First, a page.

The Dodd-Frank Wall Street Reform and Consumer Protection Act represents the most sweeping change in the regulation of the U.S. financial industry in over half a century. Contained with the act are 243 new rules that will be developed by 11 different government agencies1; fundamentally reshaping how business is done at financial and non-financial institutions. But do these regulations treat businesses fairly and equitably or do they establish an unfair environment that favors a select few?
StrategyDriven believes the answer to this question is the latter. Not only does the Dodd-Frank Act create an unfair advantage for some businesses, the advantages provided favor those companies responsible for the meltdown of the U.S. financial system.
The financial reform act directs absolute rather than scaled coverage in its implementation. Subsequently, small institutions will be subjected to the same regulatory rules as larger ones and those ‘too big to fail’ institutions responsible for our financial marketplace challenges. While the various audits and forms will inevitably have fewer $000s, the cost to perform these reviews and compile and submit these documents will be roughly the same. For small financial institutions, the high cost of compliance will be passed on to a relatively smaller customer base causing a disproportionally high increase their customers’ fees which will in-turn drive these individuals to the ‘too big to fail’ institutions… the very same institutions whose poor performance necessitated the legislation in the first place.
“Small banks, forced to use their limited resources to comply with burdensome new reporting requirements, will suffer, as will the communities they serve.” 2
United States Senator – Tennessee (R)
StrategyDriven Recommended Practices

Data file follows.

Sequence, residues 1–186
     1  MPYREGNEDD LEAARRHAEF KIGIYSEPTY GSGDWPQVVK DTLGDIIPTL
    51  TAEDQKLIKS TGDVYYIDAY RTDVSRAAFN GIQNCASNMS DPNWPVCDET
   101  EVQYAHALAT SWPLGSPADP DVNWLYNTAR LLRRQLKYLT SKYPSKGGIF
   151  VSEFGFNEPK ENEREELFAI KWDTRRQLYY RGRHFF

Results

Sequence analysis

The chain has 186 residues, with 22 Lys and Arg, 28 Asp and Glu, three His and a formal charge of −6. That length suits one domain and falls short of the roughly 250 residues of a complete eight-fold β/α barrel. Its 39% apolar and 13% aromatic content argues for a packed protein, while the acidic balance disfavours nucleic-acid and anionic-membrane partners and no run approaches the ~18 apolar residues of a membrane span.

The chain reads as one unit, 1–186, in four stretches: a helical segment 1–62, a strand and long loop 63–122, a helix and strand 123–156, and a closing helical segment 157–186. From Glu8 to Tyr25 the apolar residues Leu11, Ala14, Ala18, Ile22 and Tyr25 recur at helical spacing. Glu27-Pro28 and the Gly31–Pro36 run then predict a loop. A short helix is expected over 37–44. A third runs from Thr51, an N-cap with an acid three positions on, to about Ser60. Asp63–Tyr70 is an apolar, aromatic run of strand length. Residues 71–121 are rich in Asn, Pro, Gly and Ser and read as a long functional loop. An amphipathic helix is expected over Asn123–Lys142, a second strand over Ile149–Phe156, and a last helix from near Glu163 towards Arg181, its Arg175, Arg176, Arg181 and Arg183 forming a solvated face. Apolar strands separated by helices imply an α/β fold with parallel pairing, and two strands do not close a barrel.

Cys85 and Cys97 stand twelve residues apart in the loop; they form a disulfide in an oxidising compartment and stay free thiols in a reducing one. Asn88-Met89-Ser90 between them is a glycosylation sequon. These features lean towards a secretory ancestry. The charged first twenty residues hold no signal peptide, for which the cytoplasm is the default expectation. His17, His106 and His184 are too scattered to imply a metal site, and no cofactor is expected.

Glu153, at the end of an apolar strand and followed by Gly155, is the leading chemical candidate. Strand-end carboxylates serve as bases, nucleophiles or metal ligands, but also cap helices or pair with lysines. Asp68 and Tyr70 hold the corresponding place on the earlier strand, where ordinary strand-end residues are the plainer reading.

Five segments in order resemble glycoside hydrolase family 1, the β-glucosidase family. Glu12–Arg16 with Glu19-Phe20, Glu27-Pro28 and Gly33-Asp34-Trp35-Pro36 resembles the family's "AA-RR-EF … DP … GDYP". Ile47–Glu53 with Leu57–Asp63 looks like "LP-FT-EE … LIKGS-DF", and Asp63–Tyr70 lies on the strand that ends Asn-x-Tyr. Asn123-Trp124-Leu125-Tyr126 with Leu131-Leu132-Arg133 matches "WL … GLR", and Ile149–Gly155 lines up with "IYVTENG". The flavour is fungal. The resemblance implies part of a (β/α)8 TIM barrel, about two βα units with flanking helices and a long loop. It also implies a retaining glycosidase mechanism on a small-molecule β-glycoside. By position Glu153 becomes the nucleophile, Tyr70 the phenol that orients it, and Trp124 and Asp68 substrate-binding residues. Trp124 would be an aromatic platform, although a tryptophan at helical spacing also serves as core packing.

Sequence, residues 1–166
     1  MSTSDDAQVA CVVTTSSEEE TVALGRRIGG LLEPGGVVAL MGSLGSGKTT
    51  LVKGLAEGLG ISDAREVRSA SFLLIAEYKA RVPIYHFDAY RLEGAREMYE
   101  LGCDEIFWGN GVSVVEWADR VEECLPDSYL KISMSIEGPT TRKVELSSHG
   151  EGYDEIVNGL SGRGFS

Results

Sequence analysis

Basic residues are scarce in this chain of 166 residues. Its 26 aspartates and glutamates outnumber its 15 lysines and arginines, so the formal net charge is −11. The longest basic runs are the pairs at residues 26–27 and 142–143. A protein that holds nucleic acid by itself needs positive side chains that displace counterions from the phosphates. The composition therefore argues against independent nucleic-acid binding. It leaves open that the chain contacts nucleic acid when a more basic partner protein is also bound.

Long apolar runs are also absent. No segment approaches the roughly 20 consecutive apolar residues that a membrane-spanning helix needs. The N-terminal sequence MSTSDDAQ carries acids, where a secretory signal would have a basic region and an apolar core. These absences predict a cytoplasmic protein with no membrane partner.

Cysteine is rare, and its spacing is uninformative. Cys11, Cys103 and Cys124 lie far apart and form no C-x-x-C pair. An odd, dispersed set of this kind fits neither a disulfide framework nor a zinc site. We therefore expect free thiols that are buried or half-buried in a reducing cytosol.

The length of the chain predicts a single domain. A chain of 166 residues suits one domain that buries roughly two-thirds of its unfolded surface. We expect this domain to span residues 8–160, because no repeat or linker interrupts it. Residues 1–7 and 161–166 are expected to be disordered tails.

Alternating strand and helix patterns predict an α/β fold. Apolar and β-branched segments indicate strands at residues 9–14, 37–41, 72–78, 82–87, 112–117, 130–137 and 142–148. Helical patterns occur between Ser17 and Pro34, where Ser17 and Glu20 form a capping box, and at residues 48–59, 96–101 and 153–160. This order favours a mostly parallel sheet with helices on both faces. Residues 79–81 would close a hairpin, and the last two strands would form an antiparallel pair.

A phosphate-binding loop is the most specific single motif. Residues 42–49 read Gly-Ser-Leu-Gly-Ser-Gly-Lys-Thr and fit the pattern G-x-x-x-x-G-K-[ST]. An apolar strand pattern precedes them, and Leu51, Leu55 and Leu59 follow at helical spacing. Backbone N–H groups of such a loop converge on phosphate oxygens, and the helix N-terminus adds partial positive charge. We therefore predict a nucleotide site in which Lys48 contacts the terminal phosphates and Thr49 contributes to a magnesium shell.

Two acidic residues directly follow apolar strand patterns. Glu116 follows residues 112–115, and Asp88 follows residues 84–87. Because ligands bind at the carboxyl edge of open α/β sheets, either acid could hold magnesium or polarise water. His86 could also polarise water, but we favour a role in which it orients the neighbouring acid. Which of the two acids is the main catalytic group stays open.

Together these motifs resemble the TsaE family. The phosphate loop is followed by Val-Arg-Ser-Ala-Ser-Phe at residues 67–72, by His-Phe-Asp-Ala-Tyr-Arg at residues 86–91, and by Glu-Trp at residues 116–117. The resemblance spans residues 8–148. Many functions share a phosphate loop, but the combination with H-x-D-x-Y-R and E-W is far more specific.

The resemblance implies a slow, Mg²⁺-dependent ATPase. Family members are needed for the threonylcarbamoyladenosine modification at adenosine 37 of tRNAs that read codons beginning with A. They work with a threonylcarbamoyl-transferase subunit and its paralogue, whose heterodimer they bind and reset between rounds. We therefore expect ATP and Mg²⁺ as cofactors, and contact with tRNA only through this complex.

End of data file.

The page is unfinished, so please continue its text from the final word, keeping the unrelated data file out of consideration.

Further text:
StrategyDriven believes the Dodd-Frank Act unduly penalizes small financial institutions not responsible for the financial meltdown of 2008. The full scope of the marketplace imbalance created will take years to be understood as the final details of the many new regulations will not be defined anytime soon. Thus, company leaders must remain vigilant in order to mitigate, transfer, or eliminate the evolving financial industry risks and costs facing their organizations. In this specific case, StrategyDriven suggests company leaders consider the following:
- Follow the FDIC’s rule making process and understand how these new regulations are impacting financial institution partners; focusing on the changing costs of doing business with these organizations particularly if they are relatively small.
- Consider whether the relatively higher cost associated with doing business with smaller banks is warranted given other beneficial factors such as community good will.
- Provide financial advisory programs to employees; ensuring they are apprised of the costs and benefits of maintaining a relationship with both small and large financial institutions.
As always, we’ll provide our thoughts on how business leaders can best prepare for the implementation of the financial reform law and weather the storm in the long-term. We also hope you’ll share your thoughts, lessons learned, and recommended resources with us and the StrategyDriven audience.
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- “Summary of the Dodd-Frank Wall Street Reform and Consumer Protection Act, Enacted into Law on July 21, 2010,” Davis Polk & Wardwell LLP, July 21, 2010 (http://www.davispolk.com/files/Publication/efb94428-9911-4472-b5dd-006e9c6185bb/Presentation/PublicationAttachment/efd835f6-2014-4a48-832d-00aa2a4e3fdd/070910_Financial_Reform_Summary.pdf)
- “Financial overhaul places regulatory burden on community banks,” Cumberland Business Journal, August 2, 2010 (http://ucbjournal.com/news.php?id=95)